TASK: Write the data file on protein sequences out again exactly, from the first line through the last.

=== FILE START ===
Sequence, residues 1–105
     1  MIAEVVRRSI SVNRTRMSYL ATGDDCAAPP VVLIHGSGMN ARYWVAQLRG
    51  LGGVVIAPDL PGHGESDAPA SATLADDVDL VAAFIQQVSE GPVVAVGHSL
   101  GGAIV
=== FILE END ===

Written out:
Sequence, residues 1–105
     1  MIAEVVRRSI SVNRTRMSYL ATGDDCAAPP VVLIHGSGMN ARYWVAQLRG
    51  LGGVVIAPDL PGHGESDAPA SATLADDVDL VAAFIQQVSE GPVVAVGHSL
   101  GGAIV